Review Article The Plight Of The New Atheism: A Critique -- By: Gary R. Habermas

Journal: Journal of the Evangelical Theological Society
Volume: JETS 51:4 (Dec 2008)
Article: Review Article The Plight Of The New Atheism: A Critique
Author: Gary R. Habermas

Review Article
The Plight Of The New Atheism: A Critique

Gary R. Habermas*

* Gary R. Habermas is distinguished research professor and chair of the department of philosophy and theology at Liberty University, 1971 University Blvd., Lynchburg, VA 24502.

Contemporary trends, both popular and scholarly, have had a significant impact on religious issues over recent decades. There was the New Age Movement. Overlapping with that and extending far past it is Postmodernism. Now the New Atheism is in full bloom. Although the overall percentages are fairly small, some polls tell us that atheism is on the increase in the United States, especially among teenagers and young adults.

As many writers have noted, this last trend has manifested some very interesting characteristics. For example, leaders of the New Atheism such as Richard Dawkins, Christopher Hitchens, and Sam Harris have been referred to as atheistic evangelicals, secular fundamentalists, preachers, and so on. These epitaphs are apparent references to the zeal, fervor, and bombastic methods with which they not only write, but perhaps apply even more to their public presentations, debates, and interviews.

Some have charged that their methods are more bombastic than they are substantial. Interestingly, these critiques are sometimes offered not only by conservatives, but also by the atheists’ secular peers.1 Their “converts” perhaps come more frequently, not from the rigorous intellectual arguments that are offered, but because of all their public and written vehemence. In other words, there are signs that the movement may be miles wide but only inches deep, at least intellectually.2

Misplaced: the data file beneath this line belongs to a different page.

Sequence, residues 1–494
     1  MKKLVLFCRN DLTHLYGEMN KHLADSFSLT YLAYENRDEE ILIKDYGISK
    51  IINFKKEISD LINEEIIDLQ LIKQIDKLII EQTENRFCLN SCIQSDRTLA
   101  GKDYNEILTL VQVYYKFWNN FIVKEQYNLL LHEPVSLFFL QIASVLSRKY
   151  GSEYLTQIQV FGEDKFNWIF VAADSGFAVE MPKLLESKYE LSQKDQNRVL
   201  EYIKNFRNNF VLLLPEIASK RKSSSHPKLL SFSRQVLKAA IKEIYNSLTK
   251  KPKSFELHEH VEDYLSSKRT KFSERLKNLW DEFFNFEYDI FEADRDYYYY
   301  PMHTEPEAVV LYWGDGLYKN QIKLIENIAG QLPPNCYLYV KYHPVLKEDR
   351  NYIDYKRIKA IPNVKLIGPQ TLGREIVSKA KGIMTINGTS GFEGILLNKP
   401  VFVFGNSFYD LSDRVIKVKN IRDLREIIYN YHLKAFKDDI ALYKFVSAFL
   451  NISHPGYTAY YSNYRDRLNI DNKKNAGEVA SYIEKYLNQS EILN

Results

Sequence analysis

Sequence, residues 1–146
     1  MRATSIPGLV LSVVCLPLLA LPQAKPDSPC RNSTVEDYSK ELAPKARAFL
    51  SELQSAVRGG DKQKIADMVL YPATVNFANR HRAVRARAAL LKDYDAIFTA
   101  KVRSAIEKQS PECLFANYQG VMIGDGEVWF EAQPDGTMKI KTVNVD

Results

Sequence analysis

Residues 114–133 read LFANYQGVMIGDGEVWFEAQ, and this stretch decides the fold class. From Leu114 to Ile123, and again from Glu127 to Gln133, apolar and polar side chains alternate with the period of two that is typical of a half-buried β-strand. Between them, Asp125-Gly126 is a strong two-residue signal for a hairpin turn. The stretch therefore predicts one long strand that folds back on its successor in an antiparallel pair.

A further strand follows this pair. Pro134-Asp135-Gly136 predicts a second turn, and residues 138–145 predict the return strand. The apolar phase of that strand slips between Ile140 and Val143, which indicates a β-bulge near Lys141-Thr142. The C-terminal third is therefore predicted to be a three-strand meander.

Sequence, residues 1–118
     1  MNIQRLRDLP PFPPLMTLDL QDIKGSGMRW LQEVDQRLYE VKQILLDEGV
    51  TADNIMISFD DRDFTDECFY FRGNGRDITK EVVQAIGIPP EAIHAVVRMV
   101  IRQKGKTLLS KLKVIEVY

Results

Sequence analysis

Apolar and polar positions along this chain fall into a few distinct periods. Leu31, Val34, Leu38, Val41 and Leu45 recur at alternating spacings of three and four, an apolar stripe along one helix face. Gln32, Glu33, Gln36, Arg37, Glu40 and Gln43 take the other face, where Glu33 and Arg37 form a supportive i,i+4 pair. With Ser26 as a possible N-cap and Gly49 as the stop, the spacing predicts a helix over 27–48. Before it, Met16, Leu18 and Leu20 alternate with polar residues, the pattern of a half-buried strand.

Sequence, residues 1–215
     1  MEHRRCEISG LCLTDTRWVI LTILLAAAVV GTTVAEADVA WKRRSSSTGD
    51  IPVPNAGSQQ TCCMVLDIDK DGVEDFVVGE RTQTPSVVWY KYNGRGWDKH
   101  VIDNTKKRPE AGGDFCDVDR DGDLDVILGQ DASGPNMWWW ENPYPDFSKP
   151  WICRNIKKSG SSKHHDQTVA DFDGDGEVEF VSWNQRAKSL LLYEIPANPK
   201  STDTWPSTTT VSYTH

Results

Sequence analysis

To be sure, the New Atheists can be excellent writers and, unquestionably, they sell myriads of books, a fair indication of their popularity. They can also appear as masters of hyperbole, while seemingly attempting to incite the masses with diatribe and flowery wording, seemingly designed to invoke frothed-up responses among their followers. On some occasions, it would appear that the result is the exultant fist-pumping that issues forth into a “yeah … yeah” sort of rant amongst their followers, not unlike what one might hear at a sporting event ... or a church.

Consider the following comment by Hitchens: “Many religions now come before us with ingratiating smirks and outspread hands, like an unctuous merchant in a bazaar.”3 Such comments might make one stop and think, or laugh, or even marvel at the use of the wr...

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